Years ago I worked for an editor in publishing who was really the most productive person I have ever met, she couldn’t figure out how to print anything or access her email or voicemail, but she could read like ten manuscripts on the two-hour jitney ride between The Hamptons and Manhattan, and she could whip out jacket copy in five minutes, or have ten semi-famous authors read galleys and send in blurbs for a new book in only a few days. One time we were at an editorial meeting and one of my fellow assistants leaned over and told me that she had felt guilty earlier that morning sitting on the bus just staring out the window, “your boss would never waste time like that, she would have been editing something!” It was true. She was an expert at taking a pocket of time that someone might think is not useful enough to really do much of anything and knocking out several short tasks.
I am in the Whole Foods parking lot right now. The plan was to leave work and go straight to Fed Ex with my son to drop off several packages and then go on to the gym, slide him into day care and then get a few emails accomplished and maybe a swim—but he fell asleep, and no matter what anyone has ever told me about waking a baby, I will NEVER wake my son.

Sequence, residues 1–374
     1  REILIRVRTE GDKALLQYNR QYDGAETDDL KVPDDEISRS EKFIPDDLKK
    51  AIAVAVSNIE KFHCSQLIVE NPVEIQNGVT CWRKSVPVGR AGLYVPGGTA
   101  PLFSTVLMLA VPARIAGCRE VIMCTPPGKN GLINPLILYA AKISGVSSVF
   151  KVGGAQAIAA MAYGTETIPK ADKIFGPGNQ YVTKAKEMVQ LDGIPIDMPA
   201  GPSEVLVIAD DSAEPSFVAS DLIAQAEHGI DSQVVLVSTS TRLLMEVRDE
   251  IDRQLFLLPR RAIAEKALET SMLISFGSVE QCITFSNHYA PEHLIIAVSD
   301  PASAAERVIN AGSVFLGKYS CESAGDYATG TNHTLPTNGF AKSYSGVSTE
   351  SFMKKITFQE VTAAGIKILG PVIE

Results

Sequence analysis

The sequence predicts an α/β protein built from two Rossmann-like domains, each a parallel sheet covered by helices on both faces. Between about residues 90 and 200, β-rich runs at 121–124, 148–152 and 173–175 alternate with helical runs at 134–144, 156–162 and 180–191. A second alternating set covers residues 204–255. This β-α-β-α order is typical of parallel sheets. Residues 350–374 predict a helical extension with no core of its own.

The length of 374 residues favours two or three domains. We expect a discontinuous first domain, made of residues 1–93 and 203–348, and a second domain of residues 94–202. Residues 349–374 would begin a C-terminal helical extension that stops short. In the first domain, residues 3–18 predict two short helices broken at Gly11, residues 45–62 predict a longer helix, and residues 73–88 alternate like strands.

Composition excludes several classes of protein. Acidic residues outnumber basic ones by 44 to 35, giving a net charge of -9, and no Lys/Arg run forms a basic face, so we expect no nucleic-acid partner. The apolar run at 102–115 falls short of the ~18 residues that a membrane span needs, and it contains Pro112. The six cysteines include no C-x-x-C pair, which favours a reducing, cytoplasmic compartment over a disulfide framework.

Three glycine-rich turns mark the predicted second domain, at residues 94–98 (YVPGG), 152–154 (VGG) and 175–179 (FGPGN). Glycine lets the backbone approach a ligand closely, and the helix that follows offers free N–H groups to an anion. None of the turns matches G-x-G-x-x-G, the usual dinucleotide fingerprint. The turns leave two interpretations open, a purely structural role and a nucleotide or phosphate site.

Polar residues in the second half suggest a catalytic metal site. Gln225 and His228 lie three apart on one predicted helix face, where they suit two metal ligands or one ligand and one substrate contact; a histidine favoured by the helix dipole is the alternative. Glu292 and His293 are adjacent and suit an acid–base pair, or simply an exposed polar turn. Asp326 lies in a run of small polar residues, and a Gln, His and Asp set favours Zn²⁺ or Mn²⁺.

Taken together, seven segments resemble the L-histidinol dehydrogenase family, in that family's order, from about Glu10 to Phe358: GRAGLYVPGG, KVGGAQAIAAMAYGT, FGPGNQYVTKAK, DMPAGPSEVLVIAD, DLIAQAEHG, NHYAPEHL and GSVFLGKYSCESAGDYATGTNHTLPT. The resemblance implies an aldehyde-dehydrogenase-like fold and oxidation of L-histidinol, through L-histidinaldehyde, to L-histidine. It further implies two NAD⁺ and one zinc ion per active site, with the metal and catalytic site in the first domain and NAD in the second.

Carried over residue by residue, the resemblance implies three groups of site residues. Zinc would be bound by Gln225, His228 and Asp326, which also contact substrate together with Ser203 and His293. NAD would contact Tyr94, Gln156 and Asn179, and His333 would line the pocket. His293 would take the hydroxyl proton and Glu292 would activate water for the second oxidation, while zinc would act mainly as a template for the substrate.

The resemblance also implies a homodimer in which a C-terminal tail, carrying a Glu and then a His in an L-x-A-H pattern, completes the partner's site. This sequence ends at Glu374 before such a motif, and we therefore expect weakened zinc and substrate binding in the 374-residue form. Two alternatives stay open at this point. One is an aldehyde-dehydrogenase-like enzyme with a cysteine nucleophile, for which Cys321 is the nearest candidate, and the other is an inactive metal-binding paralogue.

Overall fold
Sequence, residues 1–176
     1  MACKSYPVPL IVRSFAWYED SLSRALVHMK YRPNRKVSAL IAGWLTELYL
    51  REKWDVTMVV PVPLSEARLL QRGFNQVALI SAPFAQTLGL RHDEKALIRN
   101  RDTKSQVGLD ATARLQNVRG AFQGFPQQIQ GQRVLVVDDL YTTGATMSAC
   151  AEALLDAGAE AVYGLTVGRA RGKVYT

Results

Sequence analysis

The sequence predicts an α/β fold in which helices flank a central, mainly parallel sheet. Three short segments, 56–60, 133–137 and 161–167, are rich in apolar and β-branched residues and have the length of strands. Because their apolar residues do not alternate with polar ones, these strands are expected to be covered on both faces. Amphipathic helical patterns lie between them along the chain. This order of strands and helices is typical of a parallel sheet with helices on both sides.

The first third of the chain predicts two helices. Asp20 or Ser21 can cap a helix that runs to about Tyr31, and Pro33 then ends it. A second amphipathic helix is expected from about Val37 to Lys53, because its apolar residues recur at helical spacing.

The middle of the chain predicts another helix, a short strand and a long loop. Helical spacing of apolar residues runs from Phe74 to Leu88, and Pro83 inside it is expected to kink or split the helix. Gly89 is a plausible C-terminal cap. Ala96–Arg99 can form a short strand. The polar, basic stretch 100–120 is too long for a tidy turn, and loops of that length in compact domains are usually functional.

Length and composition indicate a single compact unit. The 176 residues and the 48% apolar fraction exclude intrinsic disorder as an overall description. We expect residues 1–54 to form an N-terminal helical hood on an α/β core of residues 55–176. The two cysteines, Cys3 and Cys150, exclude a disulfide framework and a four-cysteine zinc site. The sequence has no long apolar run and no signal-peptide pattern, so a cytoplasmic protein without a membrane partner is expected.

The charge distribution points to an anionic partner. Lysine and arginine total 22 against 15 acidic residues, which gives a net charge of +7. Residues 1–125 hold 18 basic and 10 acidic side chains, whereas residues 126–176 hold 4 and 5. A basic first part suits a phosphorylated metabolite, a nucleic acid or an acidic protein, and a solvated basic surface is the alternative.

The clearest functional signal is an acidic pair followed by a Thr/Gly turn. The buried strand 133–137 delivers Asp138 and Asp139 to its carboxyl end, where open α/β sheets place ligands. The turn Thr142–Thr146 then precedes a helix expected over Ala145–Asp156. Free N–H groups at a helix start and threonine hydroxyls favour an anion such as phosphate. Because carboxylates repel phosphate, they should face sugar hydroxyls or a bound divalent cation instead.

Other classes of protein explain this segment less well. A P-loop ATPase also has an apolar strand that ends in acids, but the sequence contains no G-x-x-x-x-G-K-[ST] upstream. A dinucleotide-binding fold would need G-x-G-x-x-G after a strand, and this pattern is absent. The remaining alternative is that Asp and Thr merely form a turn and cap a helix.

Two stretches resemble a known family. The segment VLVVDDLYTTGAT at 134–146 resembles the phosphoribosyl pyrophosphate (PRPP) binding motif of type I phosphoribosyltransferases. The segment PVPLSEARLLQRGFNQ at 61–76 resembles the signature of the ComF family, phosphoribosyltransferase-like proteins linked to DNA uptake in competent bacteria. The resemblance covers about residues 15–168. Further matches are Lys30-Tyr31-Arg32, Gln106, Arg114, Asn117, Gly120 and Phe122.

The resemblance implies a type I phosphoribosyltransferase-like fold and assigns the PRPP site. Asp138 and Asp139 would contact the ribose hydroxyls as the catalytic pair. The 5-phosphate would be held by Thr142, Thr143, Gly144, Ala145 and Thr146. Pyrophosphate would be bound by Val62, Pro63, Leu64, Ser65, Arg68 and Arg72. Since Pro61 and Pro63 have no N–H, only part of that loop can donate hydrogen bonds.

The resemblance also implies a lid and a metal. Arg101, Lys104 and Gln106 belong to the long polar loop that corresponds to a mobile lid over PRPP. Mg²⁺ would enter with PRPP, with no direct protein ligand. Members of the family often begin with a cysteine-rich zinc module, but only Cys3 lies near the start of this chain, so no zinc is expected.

So here I am, existing between naps and feedings. There are many hard parts to motherhood, but to me the hardest is making use of the pockets of time that–before a child–I would have wasted. When my son naps in the morning I whiz around the apartment gathering dirty laundry and putting in a load, packing my bag for the day, pulling out the clothing he is going to wear, getting dressed for the day and planning what he is going to eat, slamming out emails and taking calls; an hour and a half goes by so fast, faster than The Hamptons jitney!
When my son was first born I had this really intense rush of adrenaline that lasted for weeks, when it wore off it was replaced by depression, fatigue and sometimes rage over the fact that I felt I could get nothing done. People close to me (none of whom have small businesses or really even work outside the home) told me that THIS is the most important work I will ever do, and nothing should come before my son. I don’t want to put anything before him, I just want to find out what I can fit into the static moments, like when I am nursing him, or he is sleeping in the car, or he is laying on an activity mat staring at his toys; how do I be present for him, and still get shit done?
It’s been almost a year since he was born and every few weeks he has gone through a major change that upends whatever routine I think I have down pat. We have a sitter twice a week so I don’t have to take him with me everywhere and I do take him into work with me. I don’t think I ever will be the type of person who can master tasks every second of the day—never be idle. But even though my car is a total trash heap overflowing with the debris of this past Thanksgiving’s road trip, I can still pull into a parking lot, flip open my computer and try to produce something that makes me feel like myself; a person who most of the time is just trying to keep it together.